Qcop provides a means for applications, scripts, and the user to communicate with Qtopia. Qcop is a basic built in command for all ROMs which are based on Qtopia. However, the qcop shipped with Sharp's 2.38 ROM does not accept command line input, and that problem can be rectified by upgrading to qcop2. If you just want to see example qcop commands, you can skip to examples of using qcop.
If you have a Qtopia-based ROM on an sl5500, many scripts utilize qcop commands and may not work properly unless you upgrade qcop to qcop2. It is very small, only about 9k, and can be found at:
My sl6000 running the original Sharp ROM 1.12 has a different version of qcop. I do not know the version number, it might be Version 1 because it only works with command line input some of the time, but I have put a tar gzip copy of the binary online for you to try if qcop2 does not work on your ROM. On my Tosa, it is located at /usr/QtPalmtop.rom/bin/qcop, and is symlinked from /home/QtPalmtop/bin/qcop.
If you are running a non-Qtopia-based ROM or another model, check the feeds for your ROM.
If you want examples of using qcop, there are some further down below. But for detailed, official technical information about Qtopia, the best places to go are:
http://qt.nokia.com/ (formerly http://www.trolltech.com)
http://developer.qt.nokia.com/faq (formerly http://www.trolltech.com/developer/faqs).
For my layman's understanding of what Qtopia is and does, and a discussion of how Qtopia uses qcop to send messages to applications and devices, read my Wordpress page entitled Qtopia on the Zaurus.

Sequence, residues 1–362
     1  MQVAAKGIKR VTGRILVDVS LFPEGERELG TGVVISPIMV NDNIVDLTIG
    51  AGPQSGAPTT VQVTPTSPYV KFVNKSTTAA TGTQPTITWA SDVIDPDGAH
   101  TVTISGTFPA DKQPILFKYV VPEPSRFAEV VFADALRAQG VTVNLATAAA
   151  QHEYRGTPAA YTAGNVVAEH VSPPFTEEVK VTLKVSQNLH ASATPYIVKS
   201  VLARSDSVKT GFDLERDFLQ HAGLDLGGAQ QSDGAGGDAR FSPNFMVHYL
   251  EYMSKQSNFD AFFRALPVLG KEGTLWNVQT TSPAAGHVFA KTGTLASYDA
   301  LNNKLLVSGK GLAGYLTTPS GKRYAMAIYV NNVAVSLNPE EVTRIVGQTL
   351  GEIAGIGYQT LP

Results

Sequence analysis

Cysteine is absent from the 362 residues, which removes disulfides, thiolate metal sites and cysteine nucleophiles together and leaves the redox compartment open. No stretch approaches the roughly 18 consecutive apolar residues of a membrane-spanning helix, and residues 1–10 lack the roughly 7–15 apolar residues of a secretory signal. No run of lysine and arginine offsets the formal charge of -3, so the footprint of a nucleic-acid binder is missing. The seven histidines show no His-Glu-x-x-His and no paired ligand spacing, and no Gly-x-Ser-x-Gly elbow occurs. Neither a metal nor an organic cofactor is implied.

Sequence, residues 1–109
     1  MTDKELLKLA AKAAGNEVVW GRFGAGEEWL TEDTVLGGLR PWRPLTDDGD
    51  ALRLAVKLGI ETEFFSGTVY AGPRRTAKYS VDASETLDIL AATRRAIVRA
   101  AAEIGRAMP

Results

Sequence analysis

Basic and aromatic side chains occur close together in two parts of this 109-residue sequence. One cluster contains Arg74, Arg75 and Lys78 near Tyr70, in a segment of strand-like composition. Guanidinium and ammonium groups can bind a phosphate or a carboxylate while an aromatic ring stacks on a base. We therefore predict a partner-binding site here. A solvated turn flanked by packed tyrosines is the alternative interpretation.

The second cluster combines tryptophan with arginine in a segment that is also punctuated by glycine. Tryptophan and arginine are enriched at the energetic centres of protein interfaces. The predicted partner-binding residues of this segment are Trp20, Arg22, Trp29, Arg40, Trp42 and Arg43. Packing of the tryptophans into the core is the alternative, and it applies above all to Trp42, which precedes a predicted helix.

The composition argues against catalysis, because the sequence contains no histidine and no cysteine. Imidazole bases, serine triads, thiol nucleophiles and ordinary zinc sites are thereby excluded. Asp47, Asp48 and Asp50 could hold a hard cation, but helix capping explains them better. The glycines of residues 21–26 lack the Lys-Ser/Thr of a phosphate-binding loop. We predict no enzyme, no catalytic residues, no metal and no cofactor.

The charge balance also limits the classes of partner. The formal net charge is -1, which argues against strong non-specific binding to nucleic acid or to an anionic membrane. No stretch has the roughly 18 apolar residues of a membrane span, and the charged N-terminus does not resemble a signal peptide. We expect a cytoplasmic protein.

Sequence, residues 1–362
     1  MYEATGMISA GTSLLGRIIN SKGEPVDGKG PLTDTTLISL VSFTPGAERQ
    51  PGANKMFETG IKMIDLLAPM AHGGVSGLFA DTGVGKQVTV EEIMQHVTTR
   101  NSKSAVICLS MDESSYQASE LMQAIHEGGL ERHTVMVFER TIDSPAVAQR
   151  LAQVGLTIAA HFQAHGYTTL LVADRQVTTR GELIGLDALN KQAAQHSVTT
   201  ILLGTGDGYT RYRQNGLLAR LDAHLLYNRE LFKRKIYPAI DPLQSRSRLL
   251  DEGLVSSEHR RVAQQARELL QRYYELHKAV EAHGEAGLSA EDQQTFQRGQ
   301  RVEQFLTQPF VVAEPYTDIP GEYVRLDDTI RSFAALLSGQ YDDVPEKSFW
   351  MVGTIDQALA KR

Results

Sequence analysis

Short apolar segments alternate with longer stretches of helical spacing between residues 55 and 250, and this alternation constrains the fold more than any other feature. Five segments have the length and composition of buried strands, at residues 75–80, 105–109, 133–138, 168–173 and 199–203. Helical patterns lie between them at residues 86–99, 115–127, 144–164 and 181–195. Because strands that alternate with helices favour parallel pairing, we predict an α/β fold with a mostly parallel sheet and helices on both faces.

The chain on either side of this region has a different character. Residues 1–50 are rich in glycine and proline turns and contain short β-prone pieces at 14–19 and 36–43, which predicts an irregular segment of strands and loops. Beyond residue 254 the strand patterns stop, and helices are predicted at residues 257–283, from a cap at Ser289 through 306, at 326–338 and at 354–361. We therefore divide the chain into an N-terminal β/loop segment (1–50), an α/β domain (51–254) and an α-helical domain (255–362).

Here are some examples of qcop requests you can put in scripts or issue from the command line. If you do not already know how to use qcop, also read my page about Qcoptest, which is an essential tool for helping you find the correct channel and syntax for your qcop commands if the following examples do not meet your "how to do it" needs.
If you have installed qcop2, you will need to use the term qcop2 instead of qcop in the examples later in this section, or create an appropriate symlink so you system will call qcop2 when you say qcop. You could try issuing the following permanent symlink if your qcop2 is in /home/QtPalmtop/bin/.
ln -s /home/QtPalmtop/bin/qcop2 /home/QtPalmtop/bin/qcop
The following command sends a message to the taskbar channel to sound the built in alarm.
qcop QPE/TaskBar 'soundAlarm()'
The following command sends a message to the system channel to start or raise the built in clock application.
qcop QPE/Application/clock 'raise()'
The following command used in a script sends a message to the system channel to raise an application which was backgrounded. Notice it uses a variable ($PARENT) whose value must be set before the command will work properly.
qcop QPE/Application/$PARENT 'raise()'
The following command which can be used in a script sends a message to the taskbar channel, to be displayed to the user.
qcop QPE/TaskBar "message(QString)" "This is a sample taskbar message"
The following command used in a script sends output from a system command as a message to the taskbar channel, to be displayed in the taskbar.
qcop QPE/TaskBar "message(QString)" "`grep Buffer /proc/meminfo`"
Again, if you are going to write your own qcop commands, I strongly recommend installing Qcoptest, which will enable you to see whether your qcop messages themselves are working (the commands may fail for other reasons), and monitor qcop channels. You can learn more about Qcoptest at http://sdjf.esmartdesign.com/ipks/qcoptest.html.
Revised October 7, 2011